The ship left its home port of Haugesund, Norway on the 26th of April, 2016, bound for Newfoundland, the aim being to explore and retrace the first transatlantic crossing and the Viking discovery of the New World. The route included stops at the Shetland and Faroe Islands, Iceland, and Greenland, before landfall on Newfoundland was finally achieved on June 1 that year. Future stops are planned along the Atlantic Canadian and American coast.[9][10]

The schedule of the voyage is:[11]

  • April 24 – Haugesund, Norway
  • May 3 – Reykjavik, Iceland
  • May 16 – Quqortoq, Greenland
  • June 1 – St. Anthony, Newfoundland and Labrador*
  • June 15 – Quebec City, Quebec*
  • July 1–3 – Toronto, Ontario*
  • July 8 – Fairport Harbor, Ohio, U.S.*
  • July 14 – Bay City, Michigan, U.S.*
  • July 17-20 – Plymouth Harbor, Massachusetts, U.S. (2018 tour)
  • July 22 – Beaver Island. Michigan, U.S.
  • July 27 – Chicago, Illinois, U.S.*
  • Aug. 5 – Green Bay, Wisconsin, U.S.*
  • Aug. 18 – Duluth, Minnesota, U.S.*
  • Sept. (TBD) – Oswego, New York Canals, New York, U.S.*
  • Sept. 1 – Ilion, New York, U.S.
  • Sept. 3 – Little Falls, New York, U.S.
  • Sept. 15 – New York City, New York, U.S.*
  • Oct. (TBD) – Mystic Seaport, Connecticut, U.S.*

(*Approximate dates)

In mid-July 2016 doubts were raised about the ship's ability to visit United States destinations in the Great Lakes. The United States Coast Guard deemed it a commercial vessel, requiring a pilot per a 1960 law. The total cost of piloting was estimated at $400,000.[1][12] Sons of Norway raised over $60,000 in order to help pay the pilot fees.[13] On 4 August 2016 Viking Kings issued a press release declaring that Green Bay would be the ship's last stop in the Great Lakes, planning to make its next stop in New York in September.[14]


The crew of Draken Harald Hårfagre were awarded the Leif Erikson Award by The Exploration Museum at the 2016 Explorers Festival in Húsavík, Iceland. Norwegian ambassador Cecilie Landsverk accepted the award on behalf of the crew from Iceland's President Guðni Th. Jóhannesson, followed by a video message from the captain.[15][16]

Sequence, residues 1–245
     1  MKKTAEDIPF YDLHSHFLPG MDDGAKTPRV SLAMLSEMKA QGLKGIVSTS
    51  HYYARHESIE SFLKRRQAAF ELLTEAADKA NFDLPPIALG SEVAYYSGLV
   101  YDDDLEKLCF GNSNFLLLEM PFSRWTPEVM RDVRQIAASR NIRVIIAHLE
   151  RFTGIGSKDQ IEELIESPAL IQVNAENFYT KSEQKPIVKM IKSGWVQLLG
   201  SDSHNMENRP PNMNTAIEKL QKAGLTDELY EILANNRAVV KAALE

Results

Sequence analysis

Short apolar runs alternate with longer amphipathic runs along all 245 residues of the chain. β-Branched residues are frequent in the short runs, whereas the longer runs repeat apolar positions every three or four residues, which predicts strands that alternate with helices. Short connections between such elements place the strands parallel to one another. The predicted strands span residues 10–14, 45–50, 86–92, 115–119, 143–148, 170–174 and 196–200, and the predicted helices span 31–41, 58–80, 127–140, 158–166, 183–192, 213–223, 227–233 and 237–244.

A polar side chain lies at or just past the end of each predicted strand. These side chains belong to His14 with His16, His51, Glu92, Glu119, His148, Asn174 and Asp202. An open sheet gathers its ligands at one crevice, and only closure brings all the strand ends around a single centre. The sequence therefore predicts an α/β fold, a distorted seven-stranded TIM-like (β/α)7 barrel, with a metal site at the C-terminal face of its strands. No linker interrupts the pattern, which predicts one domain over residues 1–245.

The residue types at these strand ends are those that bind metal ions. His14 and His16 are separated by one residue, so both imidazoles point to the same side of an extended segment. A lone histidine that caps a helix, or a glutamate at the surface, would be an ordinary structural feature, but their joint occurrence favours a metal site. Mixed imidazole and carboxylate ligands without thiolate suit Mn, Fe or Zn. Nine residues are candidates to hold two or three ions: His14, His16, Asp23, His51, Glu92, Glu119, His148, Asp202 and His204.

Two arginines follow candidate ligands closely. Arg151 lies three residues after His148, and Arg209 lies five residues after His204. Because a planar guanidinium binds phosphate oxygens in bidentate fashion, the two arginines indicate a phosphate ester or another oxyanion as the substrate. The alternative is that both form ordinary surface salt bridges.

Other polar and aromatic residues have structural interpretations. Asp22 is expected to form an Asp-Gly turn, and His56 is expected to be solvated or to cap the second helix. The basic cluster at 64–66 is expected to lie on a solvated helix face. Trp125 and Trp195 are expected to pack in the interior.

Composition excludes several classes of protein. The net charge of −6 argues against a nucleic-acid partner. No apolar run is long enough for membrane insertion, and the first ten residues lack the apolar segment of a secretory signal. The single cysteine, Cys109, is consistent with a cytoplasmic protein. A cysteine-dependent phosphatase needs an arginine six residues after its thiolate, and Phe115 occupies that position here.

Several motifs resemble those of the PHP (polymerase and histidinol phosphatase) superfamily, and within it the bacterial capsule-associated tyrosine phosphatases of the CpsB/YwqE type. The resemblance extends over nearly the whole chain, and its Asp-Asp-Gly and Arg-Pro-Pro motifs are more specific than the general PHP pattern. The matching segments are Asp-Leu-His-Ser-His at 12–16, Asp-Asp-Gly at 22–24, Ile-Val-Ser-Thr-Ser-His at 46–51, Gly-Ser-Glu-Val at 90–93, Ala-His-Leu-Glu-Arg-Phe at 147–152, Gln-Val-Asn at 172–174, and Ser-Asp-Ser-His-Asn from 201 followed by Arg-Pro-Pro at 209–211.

1. ^ a b Grossman, David (14 July 2016). "World's Largest Viking Ship Might be Defeated by U.S. Coast Guard". Popular Mechanics. Retrieved 2016-07-15.
  2. ^ Heide, E. "Vikingskipa i den norrøne litteraturen" Institutt for lingvistiske, litterære, og estetiske studier, Norrøn filologi, 2012
  3. ^ A. W. Brøgger and H. Shetelig. "Vikingeskipene- Deres forgjengere og etterfølgere" Dreyers forlag 1950, p. 213
  4. ^ Bent og Erik Andersen. "Råsejlet — Dragens Vinge". Vikingsskipsmuseet Forlag, Roskilde 2007, p. 9-44
  5. ^ Jon B. Godal: "Measurements, figures and formulas for the interpretation of Western Norwegian boats and Viking ships", Acta Boralia ,1990. Volume 7, Issue 2, pages 56-80
  6. ^ Gunnar Eldjarn og Jon B. Godal: "Nordlandsbåten og Åfjordsbåten", bind 1-4. A Kiellands Forlag, Lesja 1988.
  7. ^ a b Pattinson, Rob (2 July 2014). "In Pictures: World's largest-ever Viking longship set sail for Merseyside today". Liverpool Echo. Retrieved 2016-07-15.
  8. ^ "World's biggest Viking longship open to the public in Stornoway harbour". Stornoway Gazette. Retrieved 15 August 2014.
  9. ^ "Harald Hårfagre has crossed the Atlantic". Nordstjernan Article. June 2, 2016.
  10. ^ "The Vikings are back in North America! Replica 'dragon' ship reaches Newfoundland after month-long Atlantic crossing". Daily Mail Article. June 2, 2016.
  11. ^ "World's largest modern-day Viking ship arrives in Canada after 6-week transatlantic journey". Global News. June 2, 2016.
  12. ^ Harlow, Tim (2016-07-13). "World's largest Viking ship, headed to Duluth, needs to pay $400K or turn around". Star Tribune.
  13. ^ Help Draken Sail Again Sons of Norway Retrieved July 21, 2016.
  14. ^ "Press release August 4, 2016 Tall Ship Journey Ends in Green Bay For Draken Harald Hårfagre". drakenexpeditionamerica.com. August 4, 2016. Retrieved 2016-08-07.
  15. ^ Helgason, Rögnvaldur (24 October 2016). "Forsetinn fór yfir hálendið til Bessastaða (Icelandic)". RÚV. Retrieved 11 December 2017.
  16. ^ "American astronaut, modern Norwegian vikings and Indian twin climbers win exploration awards". Húsavík Observer. 22 October 2016. Retrieved 11 December 2017.